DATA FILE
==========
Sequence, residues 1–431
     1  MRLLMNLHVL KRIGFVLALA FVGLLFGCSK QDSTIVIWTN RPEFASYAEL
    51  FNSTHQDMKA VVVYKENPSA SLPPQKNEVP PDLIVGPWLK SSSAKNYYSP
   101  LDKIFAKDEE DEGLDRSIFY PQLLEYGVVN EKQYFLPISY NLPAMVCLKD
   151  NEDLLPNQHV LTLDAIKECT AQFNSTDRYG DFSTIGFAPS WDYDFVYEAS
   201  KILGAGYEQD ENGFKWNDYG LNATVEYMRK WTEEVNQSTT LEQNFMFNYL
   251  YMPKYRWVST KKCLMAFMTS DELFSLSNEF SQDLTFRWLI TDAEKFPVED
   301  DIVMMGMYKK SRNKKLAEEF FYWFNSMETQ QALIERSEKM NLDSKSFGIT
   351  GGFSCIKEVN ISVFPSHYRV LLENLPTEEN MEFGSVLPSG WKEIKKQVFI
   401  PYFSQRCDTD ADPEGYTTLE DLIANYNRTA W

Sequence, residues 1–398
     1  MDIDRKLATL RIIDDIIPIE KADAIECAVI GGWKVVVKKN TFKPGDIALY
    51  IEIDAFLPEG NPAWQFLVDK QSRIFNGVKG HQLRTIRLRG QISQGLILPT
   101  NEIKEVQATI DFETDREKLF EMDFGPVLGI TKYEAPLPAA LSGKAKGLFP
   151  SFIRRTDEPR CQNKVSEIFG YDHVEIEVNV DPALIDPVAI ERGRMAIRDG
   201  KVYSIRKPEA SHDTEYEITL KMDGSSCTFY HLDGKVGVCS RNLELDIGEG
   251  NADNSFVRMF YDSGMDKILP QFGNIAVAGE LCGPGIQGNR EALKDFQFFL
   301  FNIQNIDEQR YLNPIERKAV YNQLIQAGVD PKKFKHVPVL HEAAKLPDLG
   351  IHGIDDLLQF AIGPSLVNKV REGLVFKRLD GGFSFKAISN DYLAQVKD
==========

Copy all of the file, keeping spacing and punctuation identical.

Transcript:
Sequence, residues 1–431
     1  MRLLMNLHVL KRIGFVLALA FVGLLFGCSK QDSTIVIWTN RPEFASYAEL
    51  FNSTHQDMKA VVVYKENPSA SLPPQKNEVP PDLIVGPWLK SSSAKNYYSP
   101  LDKIFAKDEE DEGLDRSIFY PQLLEYGVVN EKQYFLPISY NLPAMVCLKD
   151  NEDLLPNQHV LTLDAIKECT AQFNSTDRYG DFSTIGFAPS WDYDFVYEAS
   201  KILGAGYEQD ENGFKWNDYG LNATVEYMRK WTEEVNQSTT LEQNFMFNYL
   251  YMPKYRWVST KKCLMAFMTS DELFSLSNEF SQDLTFRWLI TDAEKFPVED
   301  DIVMMGMYKK SRNKKLAEEF FYWFNSMETQ QALIERSEKM NLDSKSFGIT
   351  GGFSCIKEVN ISVFPSHYRV LLENLPTEEN MEFGSVLPSG WKEIKKQVFI
   401  PYFSQRCDTD ADPEGYTTLE DLIANYNRTA W

Sequence, residues 1–398
     1  MDIDRKLATL RIIDDIIPIE KADAIECAVI GGWKVVVKKN TFKPGDIALY
    51  IEIDAFLPEG NPAWQFLVDK QSRIFNGVKG HQLRTIRLRG QISQGLILPT
   101  NEIKEVQATI DFETDREKLF EMDFGPVLGI TKYEAPLPAA LSGKAKGLFP
   151  SFIRRTDEPR CQNKVSEIFG YDHVEIEVNV DPALIDPVAI ERGRMAIRDG
   201  KVYSIRKPEA SHDTEYEITL KMDGSSCTFY HLDGKVGVCS RNLELDIGEG
   251  NADNSFVRMF YDSGMDKILP QFGNIAVAGE LCGPGIQGNR EALKDFQFFL
   301  FNIQNIDEQR YLNPIERKAV YNQLIQAGVD PKKFKHVPVL HEAAKLPDLG
   351  IHGIDDLLQF AIGPSLVNKV REGLVFKRLD GGFSFKAISN DYLAQVKD